By Steve Slavin

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**Sample text**

761. You'll see I was deliberately trying to avoid even numbers. Why? Because even numbers would leave us with fractions that would have to be reduced. Mathematicians, unlike normal citizens, cannot leave unreduced fractions just sitting there. In fact, no mathematician can go to bed at night until his or her fractions have been reduced to their lowest possible denominators (or bottom numbers). Take the fraction 4/10. That might leave you satisfied, but I can't tell you how much the sight of a 4 over a 10 would frustrate a mathematician, who would immediately reduce it to 2/5.

0) You probably noticed that when we multiplied by 10, what we were really doing was adding a zero to the number being multiplied. That observation is fine as long as we're dealing with whole numbers. But when we deal with decimals, we've got to worry about the decimal point. 9? 0, or 9. How did we get that? We moved the decimal one place to the right. But what if we had merely added a zero? 9. So when we're multiplying a decimal by 10, we have to make sure to move the decimal one place to the right.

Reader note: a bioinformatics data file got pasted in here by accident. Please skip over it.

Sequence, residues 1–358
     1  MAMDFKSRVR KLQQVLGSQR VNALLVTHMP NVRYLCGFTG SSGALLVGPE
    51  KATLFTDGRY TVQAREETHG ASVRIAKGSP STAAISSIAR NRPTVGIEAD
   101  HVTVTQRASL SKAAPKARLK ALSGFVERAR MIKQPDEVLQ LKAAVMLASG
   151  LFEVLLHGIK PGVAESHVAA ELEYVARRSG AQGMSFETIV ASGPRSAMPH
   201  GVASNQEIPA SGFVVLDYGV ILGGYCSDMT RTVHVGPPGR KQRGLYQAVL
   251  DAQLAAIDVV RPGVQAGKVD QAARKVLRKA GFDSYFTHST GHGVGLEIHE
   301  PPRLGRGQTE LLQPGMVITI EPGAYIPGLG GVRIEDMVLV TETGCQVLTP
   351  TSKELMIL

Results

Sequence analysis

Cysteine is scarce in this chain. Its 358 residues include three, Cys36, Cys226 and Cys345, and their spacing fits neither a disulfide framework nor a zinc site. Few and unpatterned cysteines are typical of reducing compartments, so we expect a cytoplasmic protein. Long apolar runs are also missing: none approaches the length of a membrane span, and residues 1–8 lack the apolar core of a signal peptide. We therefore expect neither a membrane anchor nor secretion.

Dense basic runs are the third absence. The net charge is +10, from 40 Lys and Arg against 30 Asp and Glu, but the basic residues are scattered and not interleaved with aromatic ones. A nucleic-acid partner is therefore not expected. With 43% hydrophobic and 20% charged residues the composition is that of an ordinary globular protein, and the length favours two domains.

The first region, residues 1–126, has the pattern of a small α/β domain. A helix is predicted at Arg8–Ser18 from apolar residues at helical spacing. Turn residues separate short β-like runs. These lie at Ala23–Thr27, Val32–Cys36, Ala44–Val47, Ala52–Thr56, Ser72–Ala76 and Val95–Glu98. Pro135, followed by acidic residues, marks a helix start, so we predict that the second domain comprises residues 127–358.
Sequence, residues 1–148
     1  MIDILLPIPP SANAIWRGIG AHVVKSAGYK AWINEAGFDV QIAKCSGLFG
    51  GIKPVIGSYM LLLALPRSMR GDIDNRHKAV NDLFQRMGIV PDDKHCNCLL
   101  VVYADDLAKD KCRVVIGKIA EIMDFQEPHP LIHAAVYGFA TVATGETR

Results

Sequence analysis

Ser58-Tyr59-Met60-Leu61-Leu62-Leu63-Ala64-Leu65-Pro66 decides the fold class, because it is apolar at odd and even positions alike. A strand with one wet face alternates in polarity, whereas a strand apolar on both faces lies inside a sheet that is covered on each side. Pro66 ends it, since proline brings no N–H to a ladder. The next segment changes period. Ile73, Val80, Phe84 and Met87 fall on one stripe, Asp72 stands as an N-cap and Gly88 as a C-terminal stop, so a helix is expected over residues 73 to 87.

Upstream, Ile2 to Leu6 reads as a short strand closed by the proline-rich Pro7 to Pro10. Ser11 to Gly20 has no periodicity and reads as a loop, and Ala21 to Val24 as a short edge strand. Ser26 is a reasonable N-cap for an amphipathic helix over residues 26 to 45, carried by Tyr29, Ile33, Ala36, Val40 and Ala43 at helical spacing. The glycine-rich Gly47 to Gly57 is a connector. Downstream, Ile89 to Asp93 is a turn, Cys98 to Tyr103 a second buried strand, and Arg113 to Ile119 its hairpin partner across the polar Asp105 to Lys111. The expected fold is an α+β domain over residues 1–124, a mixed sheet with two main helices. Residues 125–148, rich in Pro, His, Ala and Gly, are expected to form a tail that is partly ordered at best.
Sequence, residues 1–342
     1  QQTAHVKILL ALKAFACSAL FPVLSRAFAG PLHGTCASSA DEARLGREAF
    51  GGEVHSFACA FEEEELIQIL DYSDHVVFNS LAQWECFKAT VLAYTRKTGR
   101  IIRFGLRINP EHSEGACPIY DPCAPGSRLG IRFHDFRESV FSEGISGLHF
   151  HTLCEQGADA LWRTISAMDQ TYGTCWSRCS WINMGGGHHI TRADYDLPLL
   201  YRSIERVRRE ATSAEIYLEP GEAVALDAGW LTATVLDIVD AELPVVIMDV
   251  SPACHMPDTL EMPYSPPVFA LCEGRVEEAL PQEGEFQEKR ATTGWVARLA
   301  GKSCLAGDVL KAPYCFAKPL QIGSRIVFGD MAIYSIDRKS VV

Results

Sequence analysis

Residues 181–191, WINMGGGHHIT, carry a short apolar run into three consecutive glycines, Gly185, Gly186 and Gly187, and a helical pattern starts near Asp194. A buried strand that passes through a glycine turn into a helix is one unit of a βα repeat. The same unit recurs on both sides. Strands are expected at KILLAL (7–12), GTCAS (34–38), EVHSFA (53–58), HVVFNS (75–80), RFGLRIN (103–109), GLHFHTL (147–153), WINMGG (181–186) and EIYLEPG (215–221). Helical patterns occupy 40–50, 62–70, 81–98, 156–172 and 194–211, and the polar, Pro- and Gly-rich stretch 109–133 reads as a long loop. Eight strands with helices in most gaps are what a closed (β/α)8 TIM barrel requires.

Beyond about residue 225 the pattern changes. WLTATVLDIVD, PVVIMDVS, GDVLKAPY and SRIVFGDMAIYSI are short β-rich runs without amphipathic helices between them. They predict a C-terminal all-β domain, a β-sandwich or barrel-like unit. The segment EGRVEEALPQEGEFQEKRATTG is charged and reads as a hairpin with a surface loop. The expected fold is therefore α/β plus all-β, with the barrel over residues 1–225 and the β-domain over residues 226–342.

Remember the law of arithmetic that allows this? What you do to the top of a fraction, you must do to the bottom. So we multiplied the top by 2 and the bottom by 2. Here's another one. Problem 4: Add 1/3 and 2/5. Solution: To repeat, we want the lowest common denominator so we don't have to reduce our answer (or, if it can be further reduced, we'd be able to minimize that reduction). And we want a common denominator so we'll be adding units of the same thing. Just as you can't add apples and oranges, you can't add thirds and quarters without finding their (lowest) common denominator, which happens to be 12.